The Washington Wizards have two things working for them ahead of Thursday’s NBA draft. By selecting 15th, the team should be able to find a lottery-caliber talent who can fit in right away but for some reason fell out of the top 14 picks. And since the Wizards have so many needs — backup point guard, shooting big man, versatile wing — they can take the best player available to fill one of those holes.
Here are four guards the Wizards may consider:
Lonnie Walker IV, Miami
6-foot-4, 196 pounds
Before his first college game, Walker was a projected lottery pick. The five-star recruit out of Pennsylvania played in the McDonald’s all-American Game and shined as a co-MVP in the Jordan Brand Classic. Though Walker required surgery in July to repair a torn right meniscus, which kept him idle for the next three months, his prep résumé was so impressive that several websites and publications viewed him as a top-11 pick.
Then Walker began his college career on the bench. However, in the final 18 games, Walker was elevated to the starting lineup and proved his worth by averaging 14 points on 41 percent shooting from the field and 36 percent shooting from beyond the arc. That strong push reenergized talk that Walker could become the Hurricanes’ first lottery pick.
“He’s only scratching the surface of how good he can become,” Miami Coach Jim Larranaga said in February.
But while Walker can shoot, he also can be prone to taking questionable shots. Walker comes from a system with little ball movement, and he didn’t develop into a playmaker. He also had a costly turnover late in his final college game that led to Loyola Chicago’s upset win.
THE LONG SHOT
Shai Gilgeous-Alexander, Kentucky
For many years, one of the Wizards’ most glaring deficits has been backcourt depth. The team has not found a true backup for point guard John Wall. If the Wizards felt Tomas Satoransky was the solution, they would not have brought in three other point guards over the course of the 2017-18 season. On Thursday, Washington potentially can solve the problem by drafting a young and capable guard in Gilgeous-Alexander.
Similar to Walker, Gilgeous-Alexander got off to a slow start in his freshman season by starting only twice during the Wildcats’ first 15 games. By February, however, he blossomed, averaging 38 minutes and contributing 19 points, 6.7 assists and 5.3 rebounds over Kentucky’s final 10 games. In the SEC and NCAA tournaments, Gilgeous-Alexander was at his best, becoming the go-to driver and finisher who also had reliable range (43 percent from beyond the three-point arc).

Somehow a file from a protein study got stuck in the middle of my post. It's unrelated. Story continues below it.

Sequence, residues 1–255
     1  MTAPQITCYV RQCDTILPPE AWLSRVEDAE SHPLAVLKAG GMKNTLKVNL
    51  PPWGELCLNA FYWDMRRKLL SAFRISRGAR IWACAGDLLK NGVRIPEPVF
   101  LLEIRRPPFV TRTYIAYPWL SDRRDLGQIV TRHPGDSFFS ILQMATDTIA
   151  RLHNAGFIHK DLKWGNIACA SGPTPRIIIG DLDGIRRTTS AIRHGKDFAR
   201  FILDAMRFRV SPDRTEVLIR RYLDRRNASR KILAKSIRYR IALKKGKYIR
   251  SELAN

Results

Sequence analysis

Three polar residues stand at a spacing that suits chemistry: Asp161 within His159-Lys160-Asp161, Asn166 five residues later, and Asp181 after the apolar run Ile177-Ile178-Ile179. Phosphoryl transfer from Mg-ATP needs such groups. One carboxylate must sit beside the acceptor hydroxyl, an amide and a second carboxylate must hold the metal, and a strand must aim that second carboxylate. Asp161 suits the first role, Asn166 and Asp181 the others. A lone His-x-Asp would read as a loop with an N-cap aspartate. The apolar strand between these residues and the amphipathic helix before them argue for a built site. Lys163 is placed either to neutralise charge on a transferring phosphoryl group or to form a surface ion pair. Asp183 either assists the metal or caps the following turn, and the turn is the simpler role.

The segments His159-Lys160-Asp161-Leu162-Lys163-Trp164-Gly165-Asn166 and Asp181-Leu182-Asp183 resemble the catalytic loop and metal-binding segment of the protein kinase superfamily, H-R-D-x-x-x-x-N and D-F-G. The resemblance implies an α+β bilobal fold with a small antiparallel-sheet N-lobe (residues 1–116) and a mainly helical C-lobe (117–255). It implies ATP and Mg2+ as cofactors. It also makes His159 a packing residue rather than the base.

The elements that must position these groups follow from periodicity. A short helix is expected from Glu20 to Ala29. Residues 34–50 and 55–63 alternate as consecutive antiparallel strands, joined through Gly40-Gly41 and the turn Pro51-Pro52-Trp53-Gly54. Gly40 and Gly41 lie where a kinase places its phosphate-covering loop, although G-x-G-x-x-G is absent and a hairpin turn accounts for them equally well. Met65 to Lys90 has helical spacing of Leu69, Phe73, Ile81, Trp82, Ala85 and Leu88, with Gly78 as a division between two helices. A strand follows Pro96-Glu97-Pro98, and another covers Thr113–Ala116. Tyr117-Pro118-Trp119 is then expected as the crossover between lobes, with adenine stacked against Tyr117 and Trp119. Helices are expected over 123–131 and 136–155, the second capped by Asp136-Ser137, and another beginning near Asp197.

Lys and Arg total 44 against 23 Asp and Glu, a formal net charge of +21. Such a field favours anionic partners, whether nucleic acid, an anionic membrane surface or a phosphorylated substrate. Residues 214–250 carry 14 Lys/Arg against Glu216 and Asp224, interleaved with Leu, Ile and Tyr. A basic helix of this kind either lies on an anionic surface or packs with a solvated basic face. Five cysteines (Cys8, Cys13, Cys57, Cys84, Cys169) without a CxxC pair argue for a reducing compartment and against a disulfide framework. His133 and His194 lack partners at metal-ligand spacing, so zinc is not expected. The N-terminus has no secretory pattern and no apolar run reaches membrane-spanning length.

Unlike Walker, who came to Miami with lottery hype, Gilgeous-Alexander went from an afterthought at Kentucky to a player who probably will be off the board by the time the Wizards make their selection. Though he entered college with far less fanfare, Gilgeous-Alexander should become the fifth Wildcats point guard drafted in the first round under John Calipari.
“That’s why guys go to Kentucky,” Gilgeous-Alexander said at the NBA draft combine. “It prepares them for the next level. Coach does a really good job, especially with point guards, getting them ready for that next level in a short amount of time.”
Donte DiVincenzo, Villanova
DiVincenzo was given the tongue-in-cheek label “the Michael Jordan of Delaware” by his college coach during his freshman season. Now there’s little to joke about, given DiVincenzo’s ascension as a first-round selection.
No potential draft pick had quite the spring as DiVincenzo, who spent most of his career coming off the bench. As a sixth man in the NCAA national championship game, he scored 31 points on 10-for-15 shooting, which included five three-pointers, and was named the most outstanding player of the Final Four. Then in May at the NBA draft combine, DiVincenzo impressed scouts and executives by tying for the highest max vertical leap at 42 inches with a running start.
Although the prospect of DiVincenzo going as high as No. 15 might be surprising, he is making a late push up the board because of his scoring and athleticism.
Aaron Holiday, UCLA
Holiday has the genes and humility to become an NBA backup point guard. The younger brother of Jrue and Justin Holiday, Aaron had no problem coming off the bench for UCLA behind prized recruit Lonzo Ball during the 2016-17 season. By his junior season, however, Holiday emerged as a do-everything player, leading the Bruins in minutes (37.7), points (20.3), assists (5.8) and steals (1.3).
While he’s an exceptional shooter (42 percent from beyond the arc during his three years in college) and scouts admire his toughness and confidence, Holiday’s size will be an issue. Still, after a solid college career, he will be more NBA ready than most, and that will boost his stock among teams with first-round picks.